Meanwhile, vote! 

Which Calhoun do you most prefer to John C. Calhoun?


Anonymous said...

I want yet more Calhouns to choose from! sorry

UMPress said...
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UMPress said...
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Average Guy - said...

Ridiculous waste of effort based on inane retrospect. George Washington and 14 other signers of the Constitution owned slaves. Maybe we should throw that out also. - oh wait. The lake is named after United States Secretary of War, John C. Calhoun, who sent the Army to survey the area that would become Fort Snelling in 1817. Calhoun had also authorized the construction of Fort Snelling, one of the earliest settlements in the state. The surveyors renamed the water body "Lake Calhoun" in his honor. How far do we take the witch hunt over slavery? Burn down Fort Snelling because it was part of Calhoun's legacy? Rename it Fort Bill? Burn all the history books that mention slavery? Wasnt' Hitler trying to do the same thing - erase the Jews?

Anonymous said...

I laughed so damn hard at the description of John B. Calhoun. No prizes for guessing who I voted. Bravo, Bill!

Erick Boustead said...

Thanks for the history, but I agree there should be more options in the pool. Any women Calhouns? Or better yet, have a naming process led by the original peoples of the land?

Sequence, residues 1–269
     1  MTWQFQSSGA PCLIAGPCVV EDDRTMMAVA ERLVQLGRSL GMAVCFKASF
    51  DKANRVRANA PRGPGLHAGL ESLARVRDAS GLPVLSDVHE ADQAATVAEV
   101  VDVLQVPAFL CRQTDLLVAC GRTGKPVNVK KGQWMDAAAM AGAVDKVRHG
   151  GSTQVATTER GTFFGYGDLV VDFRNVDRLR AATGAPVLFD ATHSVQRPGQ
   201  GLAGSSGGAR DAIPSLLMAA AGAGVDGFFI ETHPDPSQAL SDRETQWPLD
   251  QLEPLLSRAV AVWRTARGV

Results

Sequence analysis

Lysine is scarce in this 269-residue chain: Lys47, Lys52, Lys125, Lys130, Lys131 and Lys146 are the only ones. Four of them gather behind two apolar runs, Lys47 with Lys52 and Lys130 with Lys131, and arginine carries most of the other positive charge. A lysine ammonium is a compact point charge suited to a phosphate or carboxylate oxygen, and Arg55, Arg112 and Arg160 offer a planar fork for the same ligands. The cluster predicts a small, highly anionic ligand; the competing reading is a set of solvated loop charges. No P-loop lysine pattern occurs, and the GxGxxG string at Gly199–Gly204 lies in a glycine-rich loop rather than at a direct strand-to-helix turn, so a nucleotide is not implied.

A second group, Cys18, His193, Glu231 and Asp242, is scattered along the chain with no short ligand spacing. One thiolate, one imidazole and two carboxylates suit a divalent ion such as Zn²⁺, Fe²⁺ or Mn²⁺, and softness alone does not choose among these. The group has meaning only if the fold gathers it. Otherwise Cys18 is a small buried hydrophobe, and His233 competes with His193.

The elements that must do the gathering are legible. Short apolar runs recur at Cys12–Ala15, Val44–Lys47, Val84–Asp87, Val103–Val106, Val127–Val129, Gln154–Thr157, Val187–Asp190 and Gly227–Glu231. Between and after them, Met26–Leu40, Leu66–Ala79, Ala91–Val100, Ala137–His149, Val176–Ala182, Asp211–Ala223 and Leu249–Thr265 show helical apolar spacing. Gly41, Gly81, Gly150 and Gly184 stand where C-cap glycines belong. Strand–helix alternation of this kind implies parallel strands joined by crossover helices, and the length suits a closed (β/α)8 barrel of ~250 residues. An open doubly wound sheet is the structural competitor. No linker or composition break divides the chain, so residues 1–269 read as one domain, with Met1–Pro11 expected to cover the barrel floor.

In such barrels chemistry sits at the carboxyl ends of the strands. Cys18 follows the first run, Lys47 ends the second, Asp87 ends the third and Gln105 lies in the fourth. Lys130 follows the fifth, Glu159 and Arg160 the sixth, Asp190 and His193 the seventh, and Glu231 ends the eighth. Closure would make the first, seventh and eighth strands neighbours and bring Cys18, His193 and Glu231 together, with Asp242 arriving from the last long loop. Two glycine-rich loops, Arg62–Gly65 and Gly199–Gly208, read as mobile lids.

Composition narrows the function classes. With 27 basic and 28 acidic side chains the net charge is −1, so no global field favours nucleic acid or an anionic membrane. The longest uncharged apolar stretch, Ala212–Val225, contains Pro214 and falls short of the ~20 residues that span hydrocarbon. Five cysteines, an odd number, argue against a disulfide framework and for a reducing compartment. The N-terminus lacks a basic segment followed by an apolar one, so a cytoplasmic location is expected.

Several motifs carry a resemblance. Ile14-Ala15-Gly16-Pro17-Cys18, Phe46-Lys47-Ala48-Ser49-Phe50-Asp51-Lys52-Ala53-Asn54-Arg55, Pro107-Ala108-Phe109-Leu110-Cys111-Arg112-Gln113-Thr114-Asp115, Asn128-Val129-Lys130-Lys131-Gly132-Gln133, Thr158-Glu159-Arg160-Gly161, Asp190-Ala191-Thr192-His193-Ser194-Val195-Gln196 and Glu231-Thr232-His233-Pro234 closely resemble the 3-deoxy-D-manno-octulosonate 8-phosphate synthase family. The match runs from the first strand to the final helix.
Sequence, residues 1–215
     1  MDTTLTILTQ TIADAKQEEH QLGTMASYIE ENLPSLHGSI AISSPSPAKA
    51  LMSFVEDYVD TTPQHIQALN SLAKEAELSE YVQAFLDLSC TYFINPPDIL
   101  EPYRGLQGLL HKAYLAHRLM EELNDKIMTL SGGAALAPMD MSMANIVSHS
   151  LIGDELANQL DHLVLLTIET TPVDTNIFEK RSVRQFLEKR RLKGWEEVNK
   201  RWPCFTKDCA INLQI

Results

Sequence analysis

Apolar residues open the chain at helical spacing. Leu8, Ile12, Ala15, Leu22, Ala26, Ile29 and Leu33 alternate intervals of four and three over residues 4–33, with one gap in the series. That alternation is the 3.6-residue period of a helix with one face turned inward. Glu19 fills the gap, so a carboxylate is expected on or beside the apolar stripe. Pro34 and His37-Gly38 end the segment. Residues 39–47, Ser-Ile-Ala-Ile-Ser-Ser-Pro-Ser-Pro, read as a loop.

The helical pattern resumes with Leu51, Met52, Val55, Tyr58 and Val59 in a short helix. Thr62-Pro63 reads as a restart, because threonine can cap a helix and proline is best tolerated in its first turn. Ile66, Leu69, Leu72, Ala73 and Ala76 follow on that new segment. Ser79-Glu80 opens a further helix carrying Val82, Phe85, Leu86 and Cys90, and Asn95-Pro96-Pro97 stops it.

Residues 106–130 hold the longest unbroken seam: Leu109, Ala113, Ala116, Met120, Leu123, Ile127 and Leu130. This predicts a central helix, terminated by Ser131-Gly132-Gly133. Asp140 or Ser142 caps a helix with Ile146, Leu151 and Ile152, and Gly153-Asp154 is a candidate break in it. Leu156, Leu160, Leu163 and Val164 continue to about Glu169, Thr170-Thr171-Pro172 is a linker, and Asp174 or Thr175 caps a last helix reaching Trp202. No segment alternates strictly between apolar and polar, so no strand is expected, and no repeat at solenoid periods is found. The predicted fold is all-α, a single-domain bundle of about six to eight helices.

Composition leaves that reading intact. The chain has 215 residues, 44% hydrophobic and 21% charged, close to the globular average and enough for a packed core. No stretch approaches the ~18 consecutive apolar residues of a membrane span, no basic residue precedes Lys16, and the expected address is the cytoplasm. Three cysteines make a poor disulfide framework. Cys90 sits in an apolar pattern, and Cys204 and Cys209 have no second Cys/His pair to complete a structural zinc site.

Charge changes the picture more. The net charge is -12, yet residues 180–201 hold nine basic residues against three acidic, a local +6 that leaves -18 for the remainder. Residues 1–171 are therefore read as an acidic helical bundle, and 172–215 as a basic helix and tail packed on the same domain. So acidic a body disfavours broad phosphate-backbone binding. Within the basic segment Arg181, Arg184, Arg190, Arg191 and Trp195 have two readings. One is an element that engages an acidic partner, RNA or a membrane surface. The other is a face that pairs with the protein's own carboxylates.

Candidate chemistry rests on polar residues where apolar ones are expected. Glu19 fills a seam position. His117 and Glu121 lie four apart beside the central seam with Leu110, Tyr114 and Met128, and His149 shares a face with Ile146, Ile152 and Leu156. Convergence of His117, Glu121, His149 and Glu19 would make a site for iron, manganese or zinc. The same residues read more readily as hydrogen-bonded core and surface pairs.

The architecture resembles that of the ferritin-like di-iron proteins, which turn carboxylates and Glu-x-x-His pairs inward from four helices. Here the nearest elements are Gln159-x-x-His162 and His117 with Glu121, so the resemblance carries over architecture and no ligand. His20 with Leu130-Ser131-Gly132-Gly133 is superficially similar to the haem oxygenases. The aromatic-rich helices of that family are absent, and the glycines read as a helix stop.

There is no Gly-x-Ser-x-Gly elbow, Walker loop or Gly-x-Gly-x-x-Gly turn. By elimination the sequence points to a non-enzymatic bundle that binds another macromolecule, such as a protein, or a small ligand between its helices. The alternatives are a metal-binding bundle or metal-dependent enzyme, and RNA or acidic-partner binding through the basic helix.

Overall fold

energy efficient construction said...

Nice one! I like the outfit of the characters. Wish i could do the same thing too but im not that techie.i like the outfit of “from farmer to warden”.. really interesting

Anonymous said...

There was a Calhoun on the Gopher Women's basketball time around the time of Whalen and McCarville

Froggie said...

Two good reasons to leave the name as-is:

A) name change confusion.

B) those who fail to remember history are doomed to repeat it.

Anonymous said...

Hey ! I love totalitarian thinking: Lets name Volgograd Stalingrad and St. Petersburg after Lenin.

Alex Weston said...

Unfortunately, the name already was changed to no effect. In 1890, the Park Board voted to change the name to "Lake Mendoza," (an Anglicized corruption of a Dakota name) to avoid honoring John C. Calhoun. It seems no one stopped calling it "Calhoun," though, and the old name was officially reinstated in the early 20th Century.

The 1890s-1910s was a time when the generation that fought the Civil War was being romanticized as having fought the good fight; Grand Army of the Republic halls and monuments to the Union were being erected across the North. If that generation, with a much fresher hatred of John C. Calhoun and all he stood for, failed to change the name, I'm afraid there will be little success today. People are used to calling it Calhoun.

Here's a Mpls. Tribune article from the time (note that this author was so embarrassed at the connection to John C. Calhoun that a fictional "Lt. Calhoun" is claimed as the original namesake; this is false):


And here's a 1901 Map showing "Lake Mendoza (formerly Calhoun): https://umedia.lib.umn.edu/node/890495